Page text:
table 2

fig 2

fig 2

BF group (BF.V ↔BF.C). However, in the latter group, the average distances and variances were higher, probably due to the absence of standardization of the breast milk. On the contrary, the separation was very clear between delivery modes in the control group (Ct.V ↔Ct.C). This stratified analysis of distances showed that the effect of the HMO supplementation was more pronounced in the population of Caesarean-delivered infants. At 3 months, the abundances of the genera Escherichia , Bifidobacterium, unclassified Peptostreptococcaceae, and Streptococcus were modulated by the HMO supplementation, placing the test group closer to the BF group (Fig. 2C and Table S2). Regarding the impact of the delivery mode on the treatment effect for these genera (Fig. 3D), the control vaginally delivered (control.vaginal) and test Caesarean-delivered (test.Caesarean) groups were at similar levels, between the more contrasted control Caesarean-delivered (control.Caesarean) and test vaginally delivered (test.vaginal) groups. The HMO supplementation moved the microbiota profile seen in the C-section-born infants toward the profile observed in the vaginally delivered infants in the control group.

fig 3

fig 3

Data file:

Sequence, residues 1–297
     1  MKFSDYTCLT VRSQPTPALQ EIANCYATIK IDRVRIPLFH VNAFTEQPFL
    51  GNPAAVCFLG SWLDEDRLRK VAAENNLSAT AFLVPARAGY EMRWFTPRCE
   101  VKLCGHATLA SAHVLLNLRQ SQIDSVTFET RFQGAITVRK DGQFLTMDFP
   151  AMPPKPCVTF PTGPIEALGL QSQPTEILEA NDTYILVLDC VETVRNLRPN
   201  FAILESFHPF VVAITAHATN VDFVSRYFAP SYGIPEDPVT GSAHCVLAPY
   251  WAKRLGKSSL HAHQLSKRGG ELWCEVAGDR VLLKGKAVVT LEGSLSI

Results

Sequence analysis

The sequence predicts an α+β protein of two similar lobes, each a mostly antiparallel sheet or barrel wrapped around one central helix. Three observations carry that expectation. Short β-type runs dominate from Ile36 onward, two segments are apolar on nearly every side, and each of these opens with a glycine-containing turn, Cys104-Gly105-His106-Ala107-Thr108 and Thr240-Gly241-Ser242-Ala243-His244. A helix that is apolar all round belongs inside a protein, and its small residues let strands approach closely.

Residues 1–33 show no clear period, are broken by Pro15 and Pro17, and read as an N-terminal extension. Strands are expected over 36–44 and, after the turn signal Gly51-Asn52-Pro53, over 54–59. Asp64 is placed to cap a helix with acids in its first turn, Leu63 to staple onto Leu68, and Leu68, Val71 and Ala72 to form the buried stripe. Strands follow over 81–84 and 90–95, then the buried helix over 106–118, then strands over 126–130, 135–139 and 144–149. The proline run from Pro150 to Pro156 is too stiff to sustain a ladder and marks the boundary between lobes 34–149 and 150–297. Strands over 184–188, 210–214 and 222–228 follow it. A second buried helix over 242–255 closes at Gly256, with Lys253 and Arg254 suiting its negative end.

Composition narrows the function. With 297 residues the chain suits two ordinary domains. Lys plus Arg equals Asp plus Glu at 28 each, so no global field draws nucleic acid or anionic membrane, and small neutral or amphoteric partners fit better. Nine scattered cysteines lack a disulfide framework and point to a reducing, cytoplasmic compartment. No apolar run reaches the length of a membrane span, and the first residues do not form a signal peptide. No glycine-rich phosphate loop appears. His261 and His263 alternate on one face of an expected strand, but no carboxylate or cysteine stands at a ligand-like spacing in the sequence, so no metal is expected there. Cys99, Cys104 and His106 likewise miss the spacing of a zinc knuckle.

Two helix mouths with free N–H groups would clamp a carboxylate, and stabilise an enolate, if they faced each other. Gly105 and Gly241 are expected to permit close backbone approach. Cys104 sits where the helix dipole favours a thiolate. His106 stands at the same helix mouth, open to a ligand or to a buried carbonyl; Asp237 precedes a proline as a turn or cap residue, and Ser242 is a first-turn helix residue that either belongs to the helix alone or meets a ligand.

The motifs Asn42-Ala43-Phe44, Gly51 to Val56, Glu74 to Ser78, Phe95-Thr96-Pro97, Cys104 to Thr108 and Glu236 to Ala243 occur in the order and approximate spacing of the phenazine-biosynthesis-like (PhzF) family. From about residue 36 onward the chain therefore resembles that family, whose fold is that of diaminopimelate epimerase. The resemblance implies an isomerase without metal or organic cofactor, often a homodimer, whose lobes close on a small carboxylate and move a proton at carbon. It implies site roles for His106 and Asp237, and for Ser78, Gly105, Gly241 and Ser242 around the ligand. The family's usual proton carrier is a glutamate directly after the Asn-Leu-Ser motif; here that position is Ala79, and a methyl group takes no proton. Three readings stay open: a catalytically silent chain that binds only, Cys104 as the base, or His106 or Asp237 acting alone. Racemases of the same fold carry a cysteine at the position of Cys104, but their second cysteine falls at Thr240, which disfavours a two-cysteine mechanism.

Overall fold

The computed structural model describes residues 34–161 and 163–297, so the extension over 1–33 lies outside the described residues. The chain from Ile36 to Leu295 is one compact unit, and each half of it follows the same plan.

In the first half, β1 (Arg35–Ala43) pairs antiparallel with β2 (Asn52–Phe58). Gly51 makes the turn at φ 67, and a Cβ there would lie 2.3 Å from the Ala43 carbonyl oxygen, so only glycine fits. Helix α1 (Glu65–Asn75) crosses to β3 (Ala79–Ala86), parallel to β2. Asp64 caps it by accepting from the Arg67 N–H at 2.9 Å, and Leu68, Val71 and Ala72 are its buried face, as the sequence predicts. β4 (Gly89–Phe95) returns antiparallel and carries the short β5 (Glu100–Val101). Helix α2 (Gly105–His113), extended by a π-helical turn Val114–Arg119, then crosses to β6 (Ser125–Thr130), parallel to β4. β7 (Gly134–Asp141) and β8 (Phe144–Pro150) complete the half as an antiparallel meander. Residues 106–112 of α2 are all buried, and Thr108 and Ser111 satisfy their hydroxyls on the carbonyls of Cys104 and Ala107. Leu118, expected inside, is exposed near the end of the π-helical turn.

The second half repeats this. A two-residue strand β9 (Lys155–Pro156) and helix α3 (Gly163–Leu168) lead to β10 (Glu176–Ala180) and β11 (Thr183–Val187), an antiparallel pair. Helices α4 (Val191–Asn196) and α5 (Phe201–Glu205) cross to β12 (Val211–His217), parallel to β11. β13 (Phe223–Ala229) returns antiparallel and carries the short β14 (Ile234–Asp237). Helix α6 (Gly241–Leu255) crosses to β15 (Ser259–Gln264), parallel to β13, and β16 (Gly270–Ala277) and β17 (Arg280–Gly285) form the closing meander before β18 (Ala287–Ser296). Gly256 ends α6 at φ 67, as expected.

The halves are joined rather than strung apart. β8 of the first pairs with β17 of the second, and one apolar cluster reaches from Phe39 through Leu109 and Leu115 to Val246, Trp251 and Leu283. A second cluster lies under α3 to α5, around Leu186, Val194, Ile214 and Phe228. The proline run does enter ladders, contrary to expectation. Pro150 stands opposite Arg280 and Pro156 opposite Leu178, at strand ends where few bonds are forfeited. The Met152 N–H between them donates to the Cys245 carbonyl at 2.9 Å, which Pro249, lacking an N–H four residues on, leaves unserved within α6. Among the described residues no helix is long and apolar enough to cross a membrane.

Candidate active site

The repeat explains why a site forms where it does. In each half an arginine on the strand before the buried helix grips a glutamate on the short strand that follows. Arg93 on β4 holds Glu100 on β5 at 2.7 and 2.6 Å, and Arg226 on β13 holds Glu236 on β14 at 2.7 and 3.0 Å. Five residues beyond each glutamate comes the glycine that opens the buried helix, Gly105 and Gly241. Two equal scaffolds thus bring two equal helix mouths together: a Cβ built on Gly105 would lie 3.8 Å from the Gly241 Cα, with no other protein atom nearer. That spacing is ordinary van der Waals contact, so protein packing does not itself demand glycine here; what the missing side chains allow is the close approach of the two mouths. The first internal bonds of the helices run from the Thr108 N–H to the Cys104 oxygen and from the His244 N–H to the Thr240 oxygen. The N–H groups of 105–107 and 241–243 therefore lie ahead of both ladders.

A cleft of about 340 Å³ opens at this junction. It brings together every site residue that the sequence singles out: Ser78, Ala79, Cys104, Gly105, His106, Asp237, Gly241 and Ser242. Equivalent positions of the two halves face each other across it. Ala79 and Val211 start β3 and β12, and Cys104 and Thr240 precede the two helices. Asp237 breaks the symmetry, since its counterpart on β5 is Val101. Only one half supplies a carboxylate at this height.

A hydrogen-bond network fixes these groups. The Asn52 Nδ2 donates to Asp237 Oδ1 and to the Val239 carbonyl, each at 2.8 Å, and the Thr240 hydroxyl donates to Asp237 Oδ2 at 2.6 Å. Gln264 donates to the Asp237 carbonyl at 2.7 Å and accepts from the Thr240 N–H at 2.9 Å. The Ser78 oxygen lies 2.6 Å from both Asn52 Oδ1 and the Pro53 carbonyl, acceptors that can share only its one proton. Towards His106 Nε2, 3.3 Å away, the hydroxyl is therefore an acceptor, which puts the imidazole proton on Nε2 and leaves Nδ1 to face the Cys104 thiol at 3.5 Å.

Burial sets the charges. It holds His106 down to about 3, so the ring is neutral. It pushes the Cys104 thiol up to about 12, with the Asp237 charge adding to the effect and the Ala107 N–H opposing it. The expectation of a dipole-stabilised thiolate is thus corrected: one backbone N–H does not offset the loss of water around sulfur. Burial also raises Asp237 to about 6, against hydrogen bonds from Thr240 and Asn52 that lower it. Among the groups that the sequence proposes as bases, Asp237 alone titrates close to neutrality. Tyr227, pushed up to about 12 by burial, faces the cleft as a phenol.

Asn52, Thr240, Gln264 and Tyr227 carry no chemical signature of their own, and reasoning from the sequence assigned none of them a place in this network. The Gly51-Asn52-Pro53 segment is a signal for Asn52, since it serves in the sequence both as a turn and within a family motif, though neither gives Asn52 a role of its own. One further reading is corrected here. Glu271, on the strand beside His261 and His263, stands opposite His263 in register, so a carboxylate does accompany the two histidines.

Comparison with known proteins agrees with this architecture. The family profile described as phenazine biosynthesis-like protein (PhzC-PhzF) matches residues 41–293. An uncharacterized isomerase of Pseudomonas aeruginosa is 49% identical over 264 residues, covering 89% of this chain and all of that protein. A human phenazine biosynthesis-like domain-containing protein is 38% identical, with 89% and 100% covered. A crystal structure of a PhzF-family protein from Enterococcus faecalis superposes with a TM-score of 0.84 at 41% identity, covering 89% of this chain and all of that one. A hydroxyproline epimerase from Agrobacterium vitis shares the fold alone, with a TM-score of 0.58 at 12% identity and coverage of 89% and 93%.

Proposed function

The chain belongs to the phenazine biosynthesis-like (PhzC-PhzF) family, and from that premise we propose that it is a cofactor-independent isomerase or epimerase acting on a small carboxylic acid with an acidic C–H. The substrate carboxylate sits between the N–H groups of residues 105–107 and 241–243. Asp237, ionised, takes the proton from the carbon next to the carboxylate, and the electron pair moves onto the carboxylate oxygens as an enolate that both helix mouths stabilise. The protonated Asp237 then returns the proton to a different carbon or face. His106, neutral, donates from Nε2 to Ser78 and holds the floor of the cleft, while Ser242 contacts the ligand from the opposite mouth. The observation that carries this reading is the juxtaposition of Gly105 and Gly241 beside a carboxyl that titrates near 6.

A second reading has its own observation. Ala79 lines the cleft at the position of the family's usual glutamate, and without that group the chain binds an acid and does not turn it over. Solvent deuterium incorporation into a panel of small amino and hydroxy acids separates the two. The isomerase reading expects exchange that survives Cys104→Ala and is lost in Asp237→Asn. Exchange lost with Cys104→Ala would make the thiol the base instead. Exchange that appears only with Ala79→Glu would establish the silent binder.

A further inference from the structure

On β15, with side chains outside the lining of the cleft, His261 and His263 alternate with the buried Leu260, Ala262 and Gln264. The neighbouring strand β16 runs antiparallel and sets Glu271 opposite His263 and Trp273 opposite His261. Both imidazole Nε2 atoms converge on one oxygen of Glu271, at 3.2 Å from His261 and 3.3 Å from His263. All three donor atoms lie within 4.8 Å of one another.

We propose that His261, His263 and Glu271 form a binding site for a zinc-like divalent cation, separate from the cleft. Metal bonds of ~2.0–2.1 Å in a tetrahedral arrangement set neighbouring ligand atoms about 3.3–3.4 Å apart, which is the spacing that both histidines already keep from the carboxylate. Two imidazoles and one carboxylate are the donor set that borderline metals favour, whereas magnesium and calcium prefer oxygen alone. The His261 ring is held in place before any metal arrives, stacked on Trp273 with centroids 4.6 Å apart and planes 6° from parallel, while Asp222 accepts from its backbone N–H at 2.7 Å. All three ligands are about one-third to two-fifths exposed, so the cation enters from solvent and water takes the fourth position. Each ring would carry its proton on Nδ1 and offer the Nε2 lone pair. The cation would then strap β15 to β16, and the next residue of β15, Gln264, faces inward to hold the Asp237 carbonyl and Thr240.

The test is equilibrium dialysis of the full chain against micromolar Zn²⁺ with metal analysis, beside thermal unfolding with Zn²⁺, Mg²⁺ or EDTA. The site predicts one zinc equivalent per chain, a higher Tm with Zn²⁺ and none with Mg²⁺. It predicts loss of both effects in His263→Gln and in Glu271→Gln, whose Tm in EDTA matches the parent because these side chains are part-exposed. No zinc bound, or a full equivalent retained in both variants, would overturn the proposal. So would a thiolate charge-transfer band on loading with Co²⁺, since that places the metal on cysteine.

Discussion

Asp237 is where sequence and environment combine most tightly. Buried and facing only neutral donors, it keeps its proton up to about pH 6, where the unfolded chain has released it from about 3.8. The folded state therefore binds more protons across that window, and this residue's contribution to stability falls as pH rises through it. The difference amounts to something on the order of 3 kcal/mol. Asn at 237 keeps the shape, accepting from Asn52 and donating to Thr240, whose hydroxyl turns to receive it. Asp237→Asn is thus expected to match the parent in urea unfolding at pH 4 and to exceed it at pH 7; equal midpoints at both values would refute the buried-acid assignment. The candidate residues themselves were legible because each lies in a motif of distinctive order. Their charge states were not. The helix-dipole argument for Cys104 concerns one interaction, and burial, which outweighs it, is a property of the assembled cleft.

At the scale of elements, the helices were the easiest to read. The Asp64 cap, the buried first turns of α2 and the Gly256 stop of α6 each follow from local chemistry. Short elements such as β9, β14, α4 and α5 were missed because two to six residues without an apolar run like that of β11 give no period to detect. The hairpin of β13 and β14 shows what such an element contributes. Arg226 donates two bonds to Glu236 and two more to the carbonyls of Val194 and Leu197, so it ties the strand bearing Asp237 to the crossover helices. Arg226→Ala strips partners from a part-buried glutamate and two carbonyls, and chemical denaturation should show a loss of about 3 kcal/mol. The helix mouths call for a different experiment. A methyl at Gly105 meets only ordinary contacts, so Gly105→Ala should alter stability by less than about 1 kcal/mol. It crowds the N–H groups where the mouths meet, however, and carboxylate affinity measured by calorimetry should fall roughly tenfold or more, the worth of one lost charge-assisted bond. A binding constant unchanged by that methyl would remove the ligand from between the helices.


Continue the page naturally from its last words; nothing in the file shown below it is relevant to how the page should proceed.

Since we used an approach allowing us to accurately annotate the 16S rRNA gene sequences belonging to the genus Bifidobacterium down to the species or subspecies level (15), we were able to establish that the HMO supplementation did not significantly change the relative abundance of the individual bifidobacterial species and subspecies, neither did the breastfeeding (see Table S3). In our data set, only 5% of the bifidobacteria belonged to B. longum subsp. infantis, the majority of bifidobacteria were identified as B. longum subsp. longum (18%), B. breve (15%), B. bifidum (12%), or B. catenulatum group (11%). At 12 months (6 months after cessation of the intervention), no significant difference in microbiota composition was observed between the two formula groups. Compared to that in the 3-month samples, the phylogenetic diversity measured at 12 months showed a clear increase in all feeding groups, although solely the difference between the control and BF groups remained significant at 12 months (see Fig. S2). At 12 months of age, the global microbiota analysis by RDA showed a significant ordination of the three groups at the genus level (RDA1 component 2%; RDA2 component 1%; P 0.007). However, the two formula groups were not significantly separated anymore (RDA1 component 1%; P 0.1). Similarly, we found no significant differences in genus abundances between the two formula groups. Therefore, the effect of the HMO supplementation on the microbiota composition was not observed 6 months after cessation of the intervention. Seven fecal community types were defined in the 16S rRNA gene data set. Using a Dirichlet multinomial mixtures (DMM) modeling framework (32), we clustered the samples based on their profiles at the genus level. The optimal number of clusters to describe our data set (see Fig. S3) defined seven fecal community types (FCTs) showing very contrasted taxonomic compositions (Fig. 4) that were named with an abbreviation of their respective dominant taxa: FCT En for Enterobacteriaceae, FCT Bi for Bifidobacteriaceae, FCT BiH for Bifidobacteriaceae at higher abundance, FCT Fi for Firmicutes, FCT Ba for Bacteroidaceae, FCT Pr for Prevotellaceae, and FCT In for an intermediate state between 3- and 12-month FCTs (see details below). The homogeneity of the FCTs ranged from the less variable FCT BiH and FCT Pr, the latter also being the less frequent, to the most variable FCT En (theta values in Fig. 5C). Considering that the main differences of genus abundances between FCTs were rooted at the family level, we discuss them at the family level. At 3 months, the HMO supplementation decreased the number of infants with FCT Bi in favor of the BF-specific FCT BiH. Samples from 3-month-old infants mostly harbored FCT En, FCT BiH, or FCT Bi (Fig. 4A). The most important differences between these FCTs were observed in Bifidobacteriaceae, Lachnospiraceae, Peptostreptococcaceae, and Enterobacteriaceae (Fig. 5D). Both FCT BiH and FCT Bi showed a high proportion of Bifidobacteriaceae, which was, however, higher in FCT BiH. FCT En was characterized by high levels of Enterobacteriaceae and Lachnospiraceae (Fig. 5C). FCT Bi, which showed an intermediate level of Lachnospiraceae, also harbored the highest content of Peptostreptococcaceae. The average phylogenetic diversity of these three FCTs showed FCT En FCT BiH FCT Bi (Fig. 5B). The distribution of the FCT BiH and FCT Bi at 3 months was associated with the feeding groups (Fig. 6). Supplementation of the formula with two HMOs increased the number of infants with FCT BiH (predominant in BF) at the expense of FCT Bi (predominant in control). At 12 months (6 months after cessation of the intervention), no significant association was detected between feeding groups and the four observed FCTs.